Introduction Polyp size is a principal factor used to determine surveillance intervals both nationally and internationally, and is an independent risk factor for the malignant potential of colorectal lesions. There is uncertainty regarding the most accurate method of measurement of colonic polyps, between the in situ and post-formalin fixation measurements. This study aims to determine the preferred polyp measurement for use in determining surveillance intervals and compare post-fixation polyp measurements using three different devices.
Methods 107 consecutive colorectal polyps were measured in situ, pre-fixation and post-fixation to the nearest millimetre. Post-fixation measurements were recorded using a metal ruler, callipers and a graduated magnifying lens. One sample t-tests and the Kruskall–Wallis test were used for data analysis.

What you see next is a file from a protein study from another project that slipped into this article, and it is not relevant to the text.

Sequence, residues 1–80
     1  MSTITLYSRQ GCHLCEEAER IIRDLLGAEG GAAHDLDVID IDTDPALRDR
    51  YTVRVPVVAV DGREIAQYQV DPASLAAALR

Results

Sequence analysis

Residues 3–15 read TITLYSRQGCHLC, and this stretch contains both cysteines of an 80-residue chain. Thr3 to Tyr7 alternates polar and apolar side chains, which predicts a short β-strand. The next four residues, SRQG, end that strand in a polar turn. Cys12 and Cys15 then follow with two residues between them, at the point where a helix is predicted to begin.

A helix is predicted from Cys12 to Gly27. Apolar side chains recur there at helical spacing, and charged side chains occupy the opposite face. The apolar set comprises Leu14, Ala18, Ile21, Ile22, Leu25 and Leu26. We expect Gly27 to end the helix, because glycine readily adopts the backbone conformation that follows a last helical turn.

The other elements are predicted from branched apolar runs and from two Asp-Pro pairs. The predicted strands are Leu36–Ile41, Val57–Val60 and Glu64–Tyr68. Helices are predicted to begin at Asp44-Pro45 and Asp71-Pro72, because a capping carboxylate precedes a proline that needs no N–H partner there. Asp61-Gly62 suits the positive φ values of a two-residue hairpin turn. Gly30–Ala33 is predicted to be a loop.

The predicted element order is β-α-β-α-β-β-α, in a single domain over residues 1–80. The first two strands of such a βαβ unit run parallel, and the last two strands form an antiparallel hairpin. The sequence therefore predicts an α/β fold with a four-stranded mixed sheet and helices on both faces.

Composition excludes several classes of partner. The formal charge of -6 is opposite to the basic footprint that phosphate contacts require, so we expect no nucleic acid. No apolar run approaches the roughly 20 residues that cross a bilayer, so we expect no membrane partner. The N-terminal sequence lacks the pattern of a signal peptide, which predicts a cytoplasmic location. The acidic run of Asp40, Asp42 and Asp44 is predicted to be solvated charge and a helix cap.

Results Pre-fixation ruler measurements were significantly higher than both in situ and post-fixation ruler measurements (p<0.05). However no significant difference was observed between in situ and post-fixation measurements (p=0.36). In situ measurements were associated with a higher rate of surveillance group variation than post-fixation measurements (9.3% vs 5.6%). No significant difference was seen between measurements obtained by the three different devices post-fixation (p=0.89).
Conclusion Post-fixation polyp size measurements are associated with lower rates of surveillance variation and may be considered the preferred measurement. On average colonoscopists underestimated polyp size. In the absence of a clinically significant difference between measurement devices, we advise the ruler be used for post-fixation measurements due to its widespread availability.
Competing interests None declared.
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